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Class war and open source

Is the margin compression of open source enough to bring the world's largest democracy completely into the 21st century?
Written by Dana Blankenhorn, Inactive

One of India's main political parties, the BJP, has decided to make open source a focus of its new election manifesto. (BJP logo from Brandsoftheworld.com.)

Why? Class.

While India has a large, educated middle class, it has a much larger number of poor, and many still live in rural communities. The 21st century has yet to reach these communities, and the BJP claims that by saving money through open source it can bridge the gap.

Many are skeptical.

The plan is to create 12 million jobs by giving away mobile handsets, subsidizing 2 Mbps broadband to remote villages, and encouraging use of Voice Over IP. Also in the document is a call for high-tech identity cards, with a uniform Citizen Identification Number, within three years.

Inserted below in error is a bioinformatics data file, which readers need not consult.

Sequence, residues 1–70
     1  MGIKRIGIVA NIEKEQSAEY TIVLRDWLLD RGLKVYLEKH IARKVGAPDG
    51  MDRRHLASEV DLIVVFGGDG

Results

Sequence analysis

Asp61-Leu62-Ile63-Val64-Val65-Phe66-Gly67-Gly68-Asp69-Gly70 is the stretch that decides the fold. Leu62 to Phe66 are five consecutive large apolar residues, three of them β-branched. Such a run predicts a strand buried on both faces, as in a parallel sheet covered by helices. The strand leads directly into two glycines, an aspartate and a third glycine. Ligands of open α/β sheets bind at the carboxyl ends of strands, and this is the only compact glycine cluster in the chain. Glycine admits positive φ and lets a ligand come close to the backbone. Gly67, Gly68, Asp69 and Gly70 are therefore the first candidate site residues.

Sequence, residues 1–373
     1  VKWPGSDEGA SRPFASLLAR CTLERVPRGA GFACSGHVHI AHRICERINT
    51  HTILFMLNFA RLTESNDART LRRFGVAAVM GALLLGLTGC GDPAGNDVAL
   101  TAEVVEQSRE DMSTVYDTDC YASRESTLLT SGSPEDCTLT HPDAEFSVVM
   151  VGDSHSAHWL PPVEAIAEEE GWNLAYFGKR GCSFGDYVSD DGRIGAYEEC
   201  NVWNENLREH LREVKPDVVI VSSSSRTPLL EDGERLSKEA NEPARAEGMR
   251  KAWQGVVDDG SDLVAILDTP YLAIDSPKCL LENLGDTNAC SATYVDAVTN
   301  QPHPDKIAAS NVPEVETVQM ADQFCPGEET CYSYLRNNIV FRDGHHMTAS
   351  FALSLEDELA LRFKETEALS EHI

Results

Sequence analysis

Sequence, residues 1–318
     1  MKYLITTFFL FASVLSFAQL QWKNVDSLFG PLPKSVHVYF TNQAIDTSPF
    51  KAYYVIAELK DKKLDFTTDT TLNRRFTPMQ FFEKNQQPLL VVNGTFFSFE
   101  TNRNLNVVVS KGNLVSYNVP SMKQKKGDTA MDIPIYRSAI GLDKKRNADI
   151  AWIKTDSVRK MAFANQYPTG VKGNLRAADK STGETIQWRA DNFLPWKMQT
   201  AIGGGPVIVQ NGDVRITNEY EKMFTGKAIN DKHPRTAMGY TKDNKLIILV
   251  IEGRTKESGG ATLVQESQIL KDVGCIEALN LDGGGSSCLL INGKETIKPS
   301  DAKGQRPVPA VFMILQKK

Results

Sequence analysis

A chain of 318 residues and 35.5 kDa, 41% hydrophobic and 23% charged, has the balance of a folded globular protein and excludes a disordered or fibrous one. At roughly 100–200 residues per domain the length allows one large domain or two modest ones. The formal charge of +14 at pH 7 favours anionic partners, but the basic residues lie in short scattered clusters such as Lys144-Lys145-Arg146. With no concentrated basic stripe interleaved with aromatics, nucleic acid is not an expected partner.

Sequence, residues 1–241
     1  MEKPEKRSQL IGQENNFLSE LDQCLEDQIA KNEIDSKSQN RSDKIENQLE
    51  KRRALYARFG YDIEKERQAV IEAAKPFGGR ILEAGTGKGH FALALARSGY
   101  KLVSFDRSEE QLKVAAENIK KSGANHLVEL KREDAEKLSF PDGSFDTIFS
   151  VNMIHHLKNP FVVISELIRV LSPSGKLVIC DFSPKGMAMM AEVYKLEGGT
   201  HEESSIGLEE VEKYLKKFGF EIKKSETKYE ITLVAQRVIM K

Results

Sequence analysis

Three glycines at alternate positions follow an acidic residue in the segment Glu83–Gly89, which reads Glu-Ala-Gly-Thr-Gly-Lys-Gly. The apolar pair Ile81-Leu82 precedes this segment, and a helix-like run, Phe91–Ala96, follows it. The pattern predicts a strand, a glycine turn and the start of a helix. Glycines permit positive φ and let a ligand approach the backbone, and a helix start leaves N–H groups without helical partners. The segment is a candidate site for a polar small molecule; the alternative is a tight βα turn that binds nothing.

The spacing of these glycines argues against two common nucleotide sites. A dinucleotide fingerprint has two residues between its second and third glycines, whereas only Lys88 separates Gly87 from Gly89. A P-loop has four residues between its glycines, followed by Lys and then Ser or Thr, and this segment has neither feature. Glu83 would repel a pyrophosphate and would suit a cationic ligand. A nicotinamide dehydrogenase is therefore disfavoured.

The party also favors cheap laptops, and will require they be manufactured in India down to the chip level. Open source is expected to make all this affordable.

Politically, observers say this is aimed at wiping out regional parties which some call a threat to the system.

The IT Vision document is on the Web site of the party's candidate for Prime Minister, L.K. Advani, who also has a blog and a blogger network. (It should be noted he's also 81.)

Pradyut Bora is given credit for the IT Vision, and for the high-tech approach to campaigning. He has a tech degree. He wants to be an Indian David Plouffe.

Can it work? In addition to the ruling Congress Party, whose campaign song is from Slumdog Millionaire, the BJP also faces a coalition of Communists and regional parties. You can add Microsoft and the nation's largest telephone companies to the enemies list.

One observer notes that a high-tech vision worked in recent Bangladesh elections. For reasons unrelated to technology, the BJP is an underdog. Which means that if it does pull an upset its technology program will be given full credit.

But can it work? Not just politically, but in terms of policy? Is the margin compression of open source enough to bring the world's largest democracy completely into the 21st century?

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